When the young George Fox refused a role in the Parliamentary Army in 1651, he witnessed that he lived “in the virtue of that life and power that took away the occasion of all wars.” We recognize that we are among the privileged of a wealthy and powerful nation. A holistic Quaker peace witness is actively engaged in promoting social and economic justice, meeting basic human needs, advocating human rights, and mediating conflicts within and between nations. Progress in these areas goes far toward removing the reasons for war. We cannot simply opt out when war breaks out.
Given these realities, let us be watchful and faithful in our words and actions. In our communications at First Friends, let us commit ourselves to the following:
Rather than engage in political speculation and villainization, let us strive toward greater self-examination, personal reformation, and positive action for peace. Let us also draw upon the expertise of the American Friends Service Committee, the Friends Committee on National Legislation, and other organizations to keep our peace witness alive and speaking truth to power.
Advices and Queries for Consideration
The traditional Quaker use of queries for self-examination are useful to keep us honest with ourselves, with one another, and with our Lord. With regard to the broader Quaker peace testimony, these Advices and Queries from Britain Yearly Meeting’s Quaker Faith & Practice (1995) can be useful to each of us as participants at First Friends:
#22. Respect the wide diversity among us in our lives and relationships. Refrain from making prejudiced judgments about the life journeys of others. Do you foster the spirit of mutual understanding and forgiveness which our discipleship asks of us? Remember that each one of us is unique, precious, a child of God.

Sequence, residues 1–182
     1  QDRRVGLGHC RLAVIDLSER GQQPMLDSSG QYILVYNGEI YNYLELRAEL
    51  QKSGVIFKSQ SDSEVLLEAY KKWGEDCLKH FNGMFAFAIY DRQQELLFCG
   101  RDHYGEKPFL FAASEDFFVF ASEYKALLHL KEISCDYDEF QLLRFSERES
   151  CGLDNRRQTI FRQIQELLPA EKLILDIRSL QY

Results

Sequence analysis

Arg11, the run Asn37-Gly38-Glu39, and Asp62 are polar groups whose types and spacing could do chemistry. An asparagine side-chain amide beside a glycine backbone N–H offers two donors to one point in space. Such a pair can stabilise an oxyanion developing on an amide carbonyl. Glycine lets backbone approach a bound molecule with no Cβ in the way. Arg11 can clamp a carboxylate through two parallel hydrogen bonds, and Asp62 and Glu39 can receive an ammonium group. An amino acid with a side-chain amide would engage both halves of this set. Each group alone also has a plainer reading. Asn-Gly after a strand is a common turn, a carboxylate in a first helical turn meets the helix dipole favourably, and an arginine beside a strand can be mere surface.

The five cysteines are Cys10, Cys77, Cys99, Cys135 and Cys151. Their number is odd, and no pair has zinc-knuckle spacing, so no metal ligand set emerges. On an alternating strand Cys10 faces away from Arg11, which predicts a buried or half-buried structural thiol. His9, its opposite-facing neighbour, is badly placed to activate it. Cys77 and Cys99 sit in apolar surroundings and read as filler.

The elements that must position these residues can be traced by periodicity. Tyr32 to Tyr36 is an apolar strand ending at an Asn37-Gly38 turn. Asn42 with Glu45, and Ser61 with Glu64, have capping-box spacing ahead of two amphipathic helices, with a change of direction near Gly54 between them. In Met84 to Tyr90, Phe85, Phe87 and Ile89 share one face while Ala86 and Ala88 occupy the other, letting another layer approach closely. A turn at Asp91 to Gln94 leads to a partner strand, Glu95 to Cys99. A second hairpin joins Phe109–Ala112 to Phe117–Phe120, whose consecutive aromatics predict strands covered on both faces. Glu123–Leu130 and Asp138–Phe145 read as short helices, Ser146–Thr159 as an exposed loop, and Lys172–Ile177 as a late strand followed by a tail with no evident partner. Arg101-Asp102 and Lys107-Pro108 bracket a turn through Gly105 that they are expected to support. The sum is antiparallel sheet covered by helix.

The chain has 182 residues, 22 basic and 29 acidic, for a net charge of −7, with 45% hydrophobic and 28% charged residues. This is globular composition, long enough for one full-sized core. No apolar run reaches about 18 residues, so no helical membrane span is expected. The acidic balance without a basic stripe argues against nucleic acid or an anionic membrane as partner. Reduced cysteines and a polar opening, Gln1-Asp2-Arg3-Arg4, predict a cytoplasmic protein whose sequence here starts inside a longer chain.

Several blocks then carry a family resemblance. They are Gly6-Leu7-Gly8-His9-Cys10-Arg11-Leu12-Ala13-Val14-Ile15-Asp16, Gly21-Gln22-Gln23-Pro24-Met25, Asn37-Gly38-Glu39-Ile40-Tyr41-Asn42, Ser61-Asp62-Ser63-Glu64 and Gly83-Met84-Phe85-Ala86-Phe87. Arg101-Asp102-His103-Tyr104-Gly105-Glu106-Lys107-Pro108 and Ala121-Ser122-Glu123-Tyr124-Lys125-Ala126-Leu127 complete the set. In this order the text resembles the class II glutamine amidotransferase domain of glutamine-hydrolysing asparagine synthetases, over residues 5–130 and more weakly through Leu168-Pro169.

#31. We are called to live “in the virtue of that life and power that takes away the occasion of all wars.” Do you faithfully maintain our testimony that war and the preparation for war are inconsistent with the Spirit of Christ? Search out whatever in your own way of life may contain the seeds of war. Stand firm in our testimony, even when others commit or prepare to commit acts of violence, yet always remember that they too are children of God.
#32. Bring into God’s light those emotions, attitudes and prejudices in yourself which lie at the root of destructive conflict, acknowledging your need for forgiveness and grace. In what ways are you involved in the work of reconciliation between individuals, groups and nations?
We conclude with a query from our own Indiana Yearly Meeting's Faith & Practice (1998):
#9. As Christians do you consistently practice principles of love and good will toward all God's people, toward the earth and all creation? Do you work actively for peace and justice by living in such a way that harmony results? Do you endeavor to make clear to all whom you can influence, that war and the preparation for war is inconsistent with the spirit and teaching of Jesus Christ? How do you observe the testimony of Friends that leads toward creative, life-affirming ways of resolving conflict and away from violence and destruction?